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Public Health Nurs. 2018 Jul;35(4):261-272. doi: 10.1111/phn.12384. Epub 2018 Jan 11.

Community interest and feasibility of using a novel smartphone-based formaldehyde exposure detection technology.

Author information

1
Buffalo, NY, USA.
2
Public Laboratory, Cambridge, MA, USA.
3
Chemical Heritage Foundation, Philadelphia, PA, USA.
4
Department of Civil, Environmental and Geodetic Engineering, Ohio State University, Columbus, OH, USA.
5
Division of Environmental Health Sciences, Ohio State University, Columbus, OH, USA.

Abstract

OBJECTIVE:

This study is the first community engagement phase of a project to develop a residential formaldehyde detection system. The objectives were to conduct a feasibility assessment for device use, and identify factors associated with concerns about environmental exposure and community interest in this device.

DESIGN AND SAMPLE:

A cross-sectional, internet-based survey employing community-based participatory research principles was utilized. 147 individuals participated from a focused Waycross, Georgia (58.5%) and broader national sample (41.5%).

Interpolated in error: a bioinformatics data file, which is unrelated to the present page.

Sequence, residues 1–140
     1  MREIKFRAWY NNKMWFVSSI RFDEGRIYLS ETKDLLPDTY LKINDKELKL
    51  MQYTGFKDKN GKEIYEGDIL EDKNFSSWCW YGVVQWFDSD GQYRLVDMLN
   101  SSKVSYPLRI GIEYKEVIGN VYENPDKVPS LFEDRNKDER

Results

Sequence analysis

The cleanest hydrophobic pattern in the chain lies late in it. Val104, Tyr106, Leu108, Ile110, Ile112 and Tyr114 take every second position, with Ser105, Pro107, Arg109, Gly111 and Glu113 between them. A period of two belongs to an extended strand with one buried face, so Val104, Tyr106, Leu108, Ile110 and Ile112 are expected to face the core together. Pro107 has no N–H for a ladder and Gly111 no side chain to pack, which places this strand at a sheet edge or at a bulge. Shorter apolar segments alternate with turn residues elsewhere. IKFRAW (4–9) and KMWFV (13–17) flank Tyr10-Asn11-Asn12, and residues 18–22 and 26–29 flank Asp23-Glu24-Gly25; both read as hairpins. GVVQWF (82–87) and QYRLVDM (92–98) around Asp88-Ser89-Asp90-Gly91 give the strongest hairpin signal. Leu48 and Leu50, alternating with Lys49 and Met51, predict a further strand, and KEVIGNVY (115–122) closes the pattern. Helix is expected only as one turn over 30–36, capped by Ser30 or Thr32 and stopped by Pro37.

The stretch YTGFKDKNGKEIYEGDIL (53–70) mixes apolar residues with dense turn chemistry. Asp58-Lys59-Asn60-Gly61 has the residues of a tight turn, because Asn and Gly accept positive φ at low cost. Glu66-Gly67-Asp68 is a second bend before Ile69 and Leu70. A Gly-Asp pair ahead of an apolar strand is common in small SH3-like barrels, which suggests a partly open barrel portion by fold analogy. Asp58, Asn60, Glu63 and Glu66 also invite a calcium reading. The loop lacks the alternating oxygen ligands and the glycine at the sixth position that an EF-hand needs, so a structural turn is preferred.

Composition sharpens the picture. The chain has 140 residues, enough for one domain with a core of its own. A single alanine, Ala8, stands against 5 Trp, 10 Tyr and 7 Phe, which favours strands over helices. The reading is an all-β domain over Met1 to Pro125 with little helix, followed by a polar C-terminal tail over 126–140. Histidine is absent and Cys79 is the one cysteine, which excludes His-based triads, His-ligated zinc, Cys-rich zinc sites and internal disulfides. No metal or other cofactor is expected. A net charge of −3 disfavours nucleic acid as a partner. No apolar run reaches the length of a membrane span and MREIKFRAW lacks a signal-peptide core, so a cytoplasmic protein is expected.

MEASURES:

Variables included acceptable cost and number of testing samples, interest in conducting tests, levels of concern over pollutants, health status, housing, and demographics.

RESULTS:

The majority of participants desired a system with fewer than 10 samples at ≤$15.00 per sample. Statistically significant higher levels of concern over air quality, formaldehyde exposure, and interest in testing formaldehyde were observed for those with overall worse health status and living in the Waycross, Georgia geographic region. Significant differences in formaldehyde testing interest were observed by health status (OR = 0.31, 95% CI = 0.12-0.81 for home testing) and geographic location (OR = 3.16, 95% CI = 1.22-8.14 for home and OR = 4.06, 95% CI = 1.48-11.12 for ambient testing) in multivariate models.

CONCLUSIONS:

Geographic location and poorer general health status were associated with concerns over and interest in formaldehyde testing.

KEYWORDS:

community science; environmental exposure; environmental illness; epidemiology; formaldehyde; methods

PMID:
29323422
DOI:
10.1111/phn.12384

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